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Confidence is a good thing, right? Everyone wants confidence.  It makes you more attractive to others. It helps your performance. It makes you feel good about yourself. It allows you to set high goals. It's good stuff.

It's also an illusion.

The reality is that there are only two conditions you can be in. You can either have an accurate view of your own abilities or an inaccurate view. Confidence is similar to will power in the sense that neither of them exists and yet society is quite certain they do.

Will power isn't a real thing because humans simply act based on the greatest impulse in their brains at the moment. The guy who can best resists eating cupcakes is the one who enjoys them the least, or is the least hungry. Will power never enters into the equation. It is a rationalization after the fact.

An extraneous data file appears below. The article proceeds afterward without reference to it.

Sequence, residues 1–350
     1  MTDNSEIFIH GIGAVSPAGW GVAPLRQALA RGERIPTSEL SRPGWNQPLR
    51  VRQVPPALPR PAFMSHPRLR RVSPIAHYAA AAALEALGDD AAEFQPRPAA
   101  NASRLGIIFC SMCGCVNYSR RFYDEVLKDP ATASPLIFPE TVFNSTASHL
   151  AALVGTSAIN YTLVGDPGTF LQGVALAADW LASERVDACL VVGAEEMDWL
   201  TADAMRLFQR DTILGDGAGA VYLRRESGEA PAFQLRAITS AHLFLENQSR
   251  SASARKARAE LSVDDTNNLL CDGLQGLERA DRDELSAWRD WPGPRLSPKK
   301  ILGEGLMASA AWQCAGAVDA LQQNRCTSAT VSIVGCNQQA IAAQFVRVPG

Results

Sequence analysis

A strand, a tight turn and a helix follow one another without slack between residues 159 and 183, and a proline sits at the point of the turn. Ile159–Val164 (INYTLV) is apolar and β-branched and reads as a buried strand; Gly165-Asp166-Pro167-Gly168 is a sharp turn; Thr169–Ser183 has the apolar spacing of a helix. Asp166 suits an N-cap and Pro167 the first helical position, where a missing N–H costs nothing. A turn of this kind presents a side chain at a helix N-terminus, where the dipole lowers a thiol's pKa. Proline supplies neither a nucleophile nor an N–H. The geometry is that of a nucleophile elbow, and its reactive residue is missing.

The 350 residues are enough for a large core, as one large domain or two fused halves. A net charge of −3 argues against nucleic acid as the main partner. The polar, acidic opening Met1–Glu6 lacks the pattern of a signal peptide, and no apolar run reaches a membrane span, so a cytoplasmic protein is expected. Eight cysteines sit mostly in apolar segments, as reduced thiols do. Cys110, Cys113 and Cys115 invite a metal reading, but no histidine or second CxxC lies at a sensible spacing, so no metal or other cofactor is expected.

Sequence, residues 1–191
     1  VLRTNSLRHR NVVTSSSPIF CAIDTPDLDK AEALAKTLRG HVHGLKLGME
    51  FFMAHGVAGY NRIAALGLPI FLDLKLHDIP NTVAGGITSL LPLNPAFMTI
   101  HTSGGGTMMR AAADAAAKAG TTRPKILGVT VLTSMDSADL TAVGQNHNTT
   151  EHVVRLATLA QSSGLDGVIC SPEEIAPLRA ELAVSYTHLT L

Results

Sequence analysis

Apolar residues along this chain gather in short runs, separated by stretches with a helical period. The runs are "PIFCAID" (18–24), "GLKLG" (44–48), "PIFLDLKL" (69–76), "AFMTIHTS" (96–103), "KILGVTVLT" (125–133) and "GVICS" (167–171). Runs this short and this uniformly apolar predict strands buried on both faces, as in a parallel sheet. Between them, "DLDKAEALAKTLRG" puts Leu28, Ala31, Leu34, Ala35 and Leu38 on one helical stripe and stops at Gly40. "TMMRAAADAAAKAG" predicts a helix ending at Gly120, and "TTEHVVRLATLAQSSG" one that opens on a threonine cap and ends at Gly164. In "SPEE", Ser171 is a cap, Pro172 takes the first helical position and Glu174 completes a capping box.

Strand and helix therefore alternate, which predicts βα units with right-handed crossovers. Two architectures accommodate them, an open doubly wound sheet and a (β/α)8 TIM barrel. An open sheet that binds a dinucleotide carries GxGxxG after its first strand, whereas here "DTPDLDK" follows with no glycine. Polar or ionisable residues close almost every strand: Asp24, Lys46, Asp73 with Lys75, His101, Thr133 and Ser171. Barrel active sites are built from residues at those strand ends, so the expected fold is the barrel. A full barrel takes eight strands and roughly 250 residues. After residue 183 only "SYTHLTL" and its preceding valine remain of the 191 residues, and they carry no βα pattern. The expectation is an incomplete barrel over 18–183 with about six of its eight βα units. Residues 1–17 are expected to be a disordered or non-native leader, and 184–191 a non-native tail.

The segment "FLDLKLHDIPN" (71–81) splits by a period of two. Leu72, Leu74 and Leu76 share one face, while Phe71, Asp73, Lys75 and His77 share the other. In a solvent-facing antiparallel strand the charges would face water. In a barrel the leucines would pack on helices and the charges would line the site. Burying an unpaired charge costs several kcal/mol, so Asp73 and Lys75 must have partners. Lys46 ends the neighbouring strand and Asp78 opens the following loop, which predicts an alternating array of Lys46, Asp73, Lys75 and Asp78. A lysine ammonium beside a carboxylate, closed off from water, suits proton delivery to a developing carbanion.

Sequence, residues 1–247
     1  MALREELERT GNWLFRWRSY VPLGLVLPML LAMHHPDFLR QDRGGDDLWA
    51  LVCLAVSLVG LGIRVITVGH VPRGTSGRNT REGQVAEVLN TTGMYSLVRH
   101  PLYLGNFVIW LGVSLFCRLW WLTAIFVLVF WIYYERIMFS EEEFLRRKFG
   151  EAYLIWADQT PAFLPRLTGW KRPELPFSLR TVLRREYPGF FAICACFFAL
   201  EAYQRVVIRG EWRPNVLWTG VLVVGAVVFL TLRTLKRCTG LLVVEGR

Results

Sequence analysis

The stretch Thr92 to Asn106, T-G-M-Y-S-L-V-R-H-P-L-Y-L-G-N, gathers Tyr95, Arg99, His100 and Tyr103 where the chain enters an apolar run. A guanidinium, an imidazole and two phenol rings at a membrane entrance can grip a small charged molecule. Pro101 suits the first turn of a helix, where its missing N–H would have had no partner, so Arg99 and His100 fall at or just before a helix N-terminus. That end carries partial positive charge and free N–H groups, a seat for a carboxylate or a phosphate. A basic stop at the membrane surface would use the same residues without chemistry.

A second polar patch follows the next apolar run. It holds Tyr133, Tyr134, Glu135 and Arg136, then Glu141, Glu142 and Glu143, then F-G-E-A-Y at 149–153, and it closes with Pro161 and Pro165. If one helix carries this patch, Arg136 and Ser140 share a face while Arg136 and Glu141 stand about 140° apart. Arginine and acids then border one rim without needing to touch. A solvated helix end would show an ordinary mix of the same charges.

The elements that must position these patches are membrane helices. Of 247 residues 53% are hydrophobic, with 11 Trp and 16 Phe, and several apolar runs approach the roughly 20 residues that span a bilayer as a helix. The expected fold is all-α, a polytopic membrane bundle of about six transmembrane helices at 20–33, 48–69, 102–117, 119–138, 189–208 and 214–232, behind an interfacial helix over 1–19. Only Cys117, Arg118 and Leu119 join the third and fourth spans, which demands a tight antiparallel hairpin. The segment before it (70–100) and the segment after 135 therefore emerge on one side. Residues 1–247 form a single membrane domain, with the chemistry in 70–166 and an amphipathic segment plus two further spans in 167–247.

Confidence and will power feel as if they are real things because we have words to describe them, and we usually agree when the words apply. That's why the illusion is so persistent. If the words didn't exist, I don't think the illusions would be so troublesome.

I came to this view of because people insist on viewing my various behaviors through the framework of confidence. When I have a realistic view of my ability to do some particular task well, I am labeled confident, as opposed to simply accurate. When I predict that I would be below average at some particular task, based on years of knowing myself, I am labeled unconfident when in fact I am simply right or wrong. Where does confidence come in?